It’s cold. It’s dark. It’s windy here. It’s winter. While I am fully embracing all of the winter foodstuffs that I’ve missed all summer long, I still need something a little bright. Something that lets me feel like the summer sun is still beaming outside—if even for just a few moments.
Don’t get me wrong; I love winter food as much as anyone. And it’s not that I love summer food more, either. (I mean, really, what even is “summer” and “winter” food? Is it like saying “ethnic food”? What does that even mean? I’m getting off topic). I always seem to have this issue; in the summer all I crave are stews, chili, Bolognese, and so on, but come winter I can’t for the life of me remember a single one of them because all I’m thinking about are summer fruits and ice cream. It’s a sickness, really. Thankfully, blood oranges have come to my rescue.
They’re available somewhere around December through March or April, depending on the specific variety. They have a deeper flavor than Naval or Valencia oranges, not quite as sweet and acidic, and have a subtle nuance with notes of citrus and berries that makes them so much more interesting than their more popular counterparts. From the outside, the skin can look virtually the same as any run of the mill orange or flecked with darker hues of red, but once you cut one open you’ll see where they get their name. The flesh is a dark crimson—almost sinister looking.
And then there’s the trifle. It’s an English dessert that kind of combines the classic custard fool (or foole) with sponge cake. Actually, I think it was a way of using up old cake, since you soak it in juice or liqueur. What I love about a trifle, aside from its adaptability and taste, is its striking appearance—the definitive show stopper. Layers of boozy cake, gorgeous fruit, and luscious custard all adorned with a big mound of softly whipped cream, and presented in a big, clear trifle dish; it leaves everybody reeling. It does take some time, making the custard and letting it cool before assembling, but it’s not something I would consider hard work. Make the custard the day before you plan to serve the trifle, and assemble everything the morning of, giving it roughly 8 hours to come together in the fridge and you’re all set.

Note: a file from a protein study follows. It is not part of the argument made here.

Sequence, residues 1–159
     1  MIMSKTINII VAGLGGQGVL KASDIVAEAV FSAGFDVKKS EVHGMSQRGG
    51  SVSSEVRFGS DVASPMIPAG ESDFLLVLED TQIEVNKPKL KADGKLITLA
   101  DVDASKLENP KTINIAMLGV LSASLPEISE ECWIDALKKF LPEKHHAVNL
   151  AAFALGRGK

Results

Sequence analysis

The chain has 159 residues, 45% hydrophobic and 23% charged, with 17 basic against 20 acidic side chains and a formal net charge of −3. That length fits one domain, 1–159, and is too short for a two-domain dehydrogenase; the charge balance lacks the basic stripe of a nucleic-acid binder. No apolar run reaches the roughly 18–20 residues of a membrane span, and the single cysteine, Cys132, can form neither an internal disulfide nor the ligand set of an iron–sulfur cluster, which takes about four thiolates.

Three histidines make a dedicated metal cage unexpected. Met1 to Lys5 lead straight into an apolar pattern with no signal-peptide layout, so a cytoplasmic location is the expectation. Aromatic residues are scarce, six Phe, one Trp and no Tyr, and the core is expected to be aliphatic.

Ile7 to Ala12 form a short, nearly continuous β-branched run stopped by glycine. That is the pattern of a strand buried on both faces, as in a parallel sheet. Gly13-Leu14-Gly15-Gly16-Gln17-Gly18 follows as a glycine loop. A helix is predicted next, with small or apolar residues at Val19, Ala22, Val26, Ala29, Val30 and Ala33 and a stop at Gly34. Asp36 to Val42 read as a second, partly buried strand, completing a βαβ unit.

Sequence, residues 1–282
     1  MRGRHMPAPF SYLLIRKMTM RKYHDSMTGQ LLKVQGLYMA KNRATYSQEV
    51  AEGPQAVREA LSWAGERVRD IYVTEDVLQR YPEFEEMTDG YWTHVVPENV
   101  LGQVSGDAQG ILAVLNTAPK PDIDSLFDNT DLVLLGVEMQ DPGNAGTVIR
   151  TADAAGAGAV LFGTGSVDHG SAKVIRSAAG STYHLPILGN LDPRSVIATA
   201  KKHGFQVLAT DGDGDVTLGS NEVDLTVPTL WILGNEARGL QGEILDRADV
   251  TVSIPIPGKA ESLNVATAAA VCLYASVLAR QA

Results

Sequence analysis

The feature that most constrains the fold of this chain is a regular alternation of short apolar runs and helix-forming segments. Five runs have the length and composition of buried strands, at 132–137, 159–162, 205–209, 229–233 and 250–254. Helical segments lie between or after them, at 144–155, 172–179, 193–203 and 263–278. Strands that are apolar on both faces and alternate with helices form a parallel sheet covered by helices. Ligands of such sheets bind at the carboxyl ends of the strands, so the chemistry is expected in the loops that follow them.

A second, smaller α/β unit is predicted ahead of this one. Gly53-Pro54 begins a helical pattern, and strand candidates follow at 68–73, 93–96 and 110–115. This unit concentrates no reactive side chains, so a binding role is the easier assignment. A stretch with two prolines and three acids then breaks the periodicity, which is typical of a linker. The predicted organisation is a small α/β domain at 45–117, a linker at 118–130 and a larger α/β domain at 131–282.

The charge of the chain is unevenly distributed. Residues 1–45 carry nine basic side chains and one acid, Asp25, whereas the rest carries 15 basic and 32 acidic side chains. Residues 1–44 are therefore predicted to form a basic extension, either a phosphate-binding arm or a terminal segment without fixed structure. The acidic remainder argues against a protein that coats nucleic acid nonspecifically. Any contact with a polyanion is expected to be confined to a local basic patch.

The custard itself is made with a mix of coconut milk and heavy cream, which gives the trifle its tropical flourish. It’s not an overwhelming tropical essence by any means, because this isn’t meant to be a tropical dessert, but it’s enough to make you almost feel like the summer sun is beaming down on your shoulders.
You will notice that there are no chunks of fruit here, layered in between the cake and custard, as you would normally see in a trifle. I was conflicted with this. I’ve tried putting coconut flakes between the layers (too much), blood orange segments would be too wet, and any other fruit I could think of would either be too tropical or not suitable for me (strawberries—what’s the point?). Well, I’m perfectly happy to leave it out all together—you won’t miss it.
No need to make your own cake, either. Once you soak it in juice and booze you wont be able to tell the difference anyway so save yourself the trouble. I love to use store, or bakery-bought pound cakes for trifles, and while granted they are never quite good enough to eat on their own, or at least not nearly as good as a homemade one, here they are perfect.
The blood oranges give this a deep, rich red color that bleeds into the coconut custard where it meets the pound cake, giving it the slightest red-orange-pink-cream tie-dye. Not only is the color combination to die for, the taste will win everyone over. It’s cold outside, but when this gets brought out for dessert snow and cold will be the furthest thing from anyone’s mind.
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